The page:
BY DENISE A. RAYMO
---- — MALONE — ComLinks will remain open three days a week instead of five as it awaits final word on whether it can retain any programs that support low-income families.
“We’re still hoping for a last-minute reprieve to keep part of our services going, but it seems unlikely,” said Joe Selenski, president of the Board of Directors for the Malone-based community-action agency.
The board continues to work with the State Department of Health and State Attorney General’s Office on the legal steps it needs to take to disburse its assets and pay off its debts before determining if the agency should dissolve and close for good.
ComLinks has been teetering on the edge of extinction since a 2010 audit from the State Comptroller’s Office accused former Executive Director Nancy Reich of using more than $100,000 in grant funds on herself for massages, home appliances, groceries and golf-club memberships.
Reich pleaded guilty in December 2011 to grand larceny, was fined $1,500 and will have her case dismissed if she stays out of legal trouble for three years.
No one has been able to determine exactly how much Reich embezzled, but the agency is about $200,000 in debt, with about $40,000 of that owed to local vendors.
NO MORE HOUSING
In the meantime, programs and services ComLinks once offered — domestic violence; management of low-income-housing units in Malone and Saranac Lake; weatherization for the poor and elderly; and the Women’s Entrepreneurial Business Center — have either been turned over to other entities to run or closed down.
The final two housing units it was managing, Windmill Estates in Malone and Helen Hill in Saranac Lake, were put in the hands of other entities this week.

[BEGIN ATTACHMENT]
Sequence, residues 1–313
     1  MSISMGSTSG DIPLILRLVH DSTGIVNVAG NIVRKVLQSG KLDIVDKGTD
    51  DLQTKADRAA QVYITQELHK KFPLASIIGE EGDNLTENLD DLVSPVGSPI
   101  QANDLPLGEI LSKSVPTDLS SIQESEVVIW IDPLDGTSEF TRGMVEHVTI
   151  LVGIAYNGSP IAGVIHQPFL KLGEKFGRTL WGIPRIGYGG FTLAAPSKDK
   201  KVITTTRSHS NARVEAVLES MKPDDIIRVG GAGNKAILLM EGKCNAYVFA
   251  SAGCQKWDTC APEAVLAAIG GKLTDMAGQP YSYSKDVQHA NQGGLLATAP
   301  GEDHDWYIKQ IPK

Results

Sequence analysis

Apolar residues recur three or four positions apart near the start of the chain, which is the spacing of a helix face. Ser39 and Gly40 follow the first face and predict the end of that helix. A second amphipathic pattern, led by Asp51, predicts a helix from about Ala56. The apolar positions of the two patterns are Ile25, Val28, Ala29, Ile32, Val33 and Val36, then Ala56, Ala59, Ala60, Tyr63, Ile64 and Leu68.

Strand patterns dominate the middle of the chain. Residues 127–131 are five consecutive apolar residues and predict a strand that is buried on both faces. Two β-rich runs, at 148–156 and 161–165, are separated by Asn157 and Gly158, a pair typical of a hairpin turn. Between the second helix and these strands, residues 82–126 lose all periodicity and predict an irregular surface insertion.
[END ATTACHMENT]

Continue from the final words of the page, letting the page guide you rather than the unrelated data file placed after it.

Negotiations continue on which nonprofit would take over the Gleaning Program.
Selenski said two regional agencies are interested in taking on at least some portions of the program and that the state may carve up the services among the two rather than select one to manage it all.
WOULD SELL ASSETS
The existing food pantry is now called Consumer Choice Food Pantry and is run by volunteers.
The Backpack Program, which feeds 400 local children on weekends during the school year, has been separated out with its own budget.
Selenski said several nonprofits have offered to absorb the Backpack Program, but a decision had not yet been made. In the meantime, children will still get their backpacks each week, and any money raised toward that service will be held in a separate account.
Two employees remain at the office Monday through Wednesday to refer clients to services, and Chief Financial Officer Bill Kelting is working on a consulting basis.
If ComLinks were to dissolve, it would sell off its assets and liquidate equipment to help pay its vendors, Selenski said.
But it is going to take time during the legal process.
“Under our legal advice, we’re not allowed to work with the vendors,” he said. “Dissolution is another word for bankruptcy. But we want to make sure everyone is taken care of.
“As much as we’d like to give preference to local vendors, we have to wait until the assets are sold off and make sure everything is divided up equally.”
Email Denise A. Raymo: email@example.com